We have also cut way back on our use of gasoline for transportation, driving an all-electric Chevy Bolt and a plug-in hybrid electric Chrysler Pacifica. We only use gasoline when we take the Pacifica on longer trips. It gets 30ish miles on battery. When it is running on gas, some of the engine power re-charges the battery, so even when we have no plug-in charge remaining, a quarter to a third of our miles will still be battery powered. It could be even more than that if we are driving on roads with terrain or lots of stop signs/lights because the braking is regenerative, meaning the energy from slowing the car goes toward charging the battery. It’s possible that, as rapid charging stations become more available, we may be able to take longer trips in our Bolt, which would cut our gasoline usage even further. (I know some of you urbanites are wondering why we don’t use mass transit. Unfortunately, our area has almost no mass transit available.)

We have tried to cut down our fossil fuel usage and control our total energy usage as much as is practicable, but I know there is one sector where our carbon footprint will become heavier rather than lighter. I have not been a frequent flyer in my first almost-six decades, but I am likely to be flying several times a year for the foreseeable future. With daughter E and granddaughter ABC’s recent move to London, I see a fair number of airplane flights coming.

The first one will be next month.

silver linings

There are some silver linings of not having a 2-year-old in the house.

  • Not crashing into the gate at the bottom of the stairs while trying to navigate at night
  • Being able to open cabinets without fiddling with a latch
  • Fewer smudges on the windows
  • Not having to juggle vehicles to make sure one with a car seat was available at home for outings
  • Cutting back on energy usage with fewer laundry loads, lights, electronics, etc.
  • Not having to wrestle with doorknob guards on the basement and linen closet doors – they were hard for little hands to open but also for my petite grown-up hands
  • The opportunity to sleep more, although this is only theoretical
  • More flexibility to travel, write, exercise, etc., although this, too, is theoretical
  • A break from watching some part of Moana, which ABC called “Ocean”, and/or Frozen, which ABC called “Snowman”, every day, although I might sneak a peek at them now and then because I appreciate the theme of love of family, especially grandmother/granddaughter and sisters

Of course, I would trade it all in a moment, if I could, although I know ABC is where she needs to be, settling in with her mom and dad and London grandparents and enjoying the amenities that only a big, historic city can provide. We had a chance to videochat with E and ABC over the weekend and to make arrangements to visit in December. It will be exciting to see everyone and all the places they go! It might be a bit too exciting, though, as we will be there for the election on the 12th…

 

SoCS: when words fail

Today, daughter E and granddaughter ABC arrived in London. E’s spousal visa finally came through, so this was a one-way trip. We are happy that E, L, and ABC will finally be able to live together as a family full-time, but, oh, words can’t adequately express how much we are going to miss having them here with us!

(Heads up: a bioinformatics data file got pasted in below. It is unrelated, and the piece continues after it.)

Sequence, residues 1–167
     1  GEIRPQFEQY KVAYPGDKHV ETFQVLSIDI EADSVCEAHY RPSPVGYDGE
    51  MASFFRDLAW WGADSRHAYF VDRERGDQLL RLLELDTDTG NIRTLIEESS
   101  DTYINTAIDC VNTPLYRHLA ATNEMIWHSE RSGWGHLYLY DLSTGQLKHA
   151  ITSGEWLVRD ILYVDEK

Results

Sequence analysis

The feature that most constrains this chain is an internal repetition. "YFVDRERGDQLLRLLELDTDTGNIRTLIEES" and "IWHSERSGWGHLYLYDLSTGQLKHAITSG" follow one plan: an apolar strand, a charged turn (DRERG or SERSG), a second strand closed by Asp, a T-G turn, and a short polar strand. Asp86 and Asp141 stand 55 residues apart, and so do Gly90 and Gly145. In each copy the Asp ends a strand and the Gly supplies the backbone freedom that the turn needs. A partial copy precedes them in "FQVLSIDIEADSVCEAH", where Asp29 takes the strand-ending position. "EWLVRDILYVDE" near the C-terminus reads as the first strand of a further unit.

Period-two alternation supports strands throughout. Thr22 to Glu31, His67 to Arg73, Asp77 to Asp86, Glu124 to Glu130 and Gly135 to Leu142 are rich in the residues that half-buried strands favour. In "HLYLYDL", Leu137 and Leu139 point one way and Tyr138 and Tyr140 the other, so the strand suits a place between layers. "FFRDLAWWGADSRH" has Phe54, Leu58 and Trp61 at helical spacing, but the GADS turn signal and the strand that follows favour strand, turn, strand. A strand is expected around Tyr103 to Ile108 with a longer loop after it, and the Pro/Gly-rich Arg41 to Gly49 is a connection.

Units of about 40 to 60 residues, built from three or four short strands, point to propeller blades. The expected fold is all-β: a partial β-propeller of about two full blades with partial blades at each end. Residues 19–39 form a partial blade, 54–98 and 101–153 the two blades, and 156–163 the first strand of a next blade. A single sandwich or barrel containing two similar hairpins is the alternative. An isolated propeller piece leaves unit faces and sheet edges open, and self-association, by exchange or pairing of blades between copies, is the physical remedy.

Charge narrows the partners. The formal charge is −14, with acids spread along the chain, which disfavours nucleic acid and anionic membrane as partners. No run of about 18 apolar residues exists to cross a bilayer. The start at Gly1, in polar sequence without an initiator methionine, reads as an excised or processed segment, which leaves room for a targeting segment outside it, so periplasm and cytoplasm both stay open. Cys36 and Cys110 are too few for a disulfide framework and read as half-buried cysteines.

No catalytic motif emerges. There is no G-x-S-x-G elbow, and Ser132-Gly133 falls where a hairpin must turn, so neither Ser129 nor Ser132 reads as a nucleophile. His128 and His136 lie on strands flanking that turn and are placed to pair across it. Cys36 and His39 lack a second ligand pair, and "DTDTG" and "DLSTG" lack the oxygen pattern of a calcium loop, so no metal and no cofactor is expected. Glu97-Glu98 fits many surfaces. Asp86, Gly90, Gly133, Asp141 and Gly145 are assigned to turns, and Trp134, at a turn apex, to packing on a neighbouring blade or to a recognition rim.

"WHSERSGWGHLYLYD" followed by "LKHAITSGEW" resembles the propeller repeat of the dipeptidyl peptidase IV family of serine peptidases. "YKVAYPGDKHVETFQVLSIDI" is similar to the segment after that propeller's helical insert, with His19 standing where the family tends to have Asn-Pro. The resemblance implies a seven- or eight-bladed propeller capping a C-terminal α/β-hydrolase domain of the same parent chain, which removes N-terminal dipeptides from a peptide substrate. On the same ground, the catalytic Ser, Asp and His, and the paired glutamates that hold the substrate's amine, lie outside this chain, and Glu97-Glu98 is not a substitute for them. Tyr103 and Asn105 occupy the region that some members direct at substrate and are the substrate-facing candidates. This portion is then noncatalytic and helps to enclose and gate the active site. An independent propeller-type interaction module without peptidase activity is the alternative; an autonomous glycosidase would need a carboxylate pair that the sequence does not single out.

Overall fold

*****
Linda’s prompt for Stream of Consciousness Saturday this week is “oh.” Join us! Find out how here:  https://lindaghill.com/2019/10/18/the-friday-reminder-and-prompt-for-socs-oct-19-19/

SoCS badge by Pamela, at https://achronicalofhope.com/

Paco on the move!

October is a heavy-duty travel month for my family. It began with my trip to North Adams for the Boiler House Poets Collective’s fifth fall residency at MASS MoCA. (There are several posts about it earlier this month.)

On Sunday, my father, known here as Paco, and my two sisters flew to Ireland! Apparently, on Grandparents’ Day in September, Paco had been talking by phone with his grandson L and they talked a lot about Ireland, which is where Paco’s grandparents were from. L then called his mom (my younger sister) and said, “You need to take Paco to Ireland – now.”

In short order, she arranged for an expedited passport for Paco, made reservations for flights, accomodations, and a driver, and made lots of lists so everything would go smoothly. My older sister joined in to help and they jetted from JFK Airport to Shannon. It was the first time Paco had flown on a jet. His last plane flight had been coming home from the Korean Conflict! (He had also served in World War II.)

The three of them are now in the middle of a week in Killarney. They have a driver to take them out to see the sights. They have been sending us some photos and updates. Here is my favorite one of Paco so far:
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This evening, they were at a pub with a singer/guitarist performing. My sister requested “Danny Boy” for my father and it seems that everyone in the pub fell in love with Paco. One woman even came over and danced with him for a bit! Of course, what’s not to love about a 94-year-old man in a US Navy SeaBee cap, who is visiting Ireland for the first time?

MASS MoCA poets’ tour

As promised, the first video from the Boiler House Poets Collective for 2019. We each read a short passage from one of our poems with the artwork. Unfortunately, one of our poets had to leave a bit early, so there are only seven poets represented here. Enjoy!

Tour 2019 from Mar McCabe on Vimeo.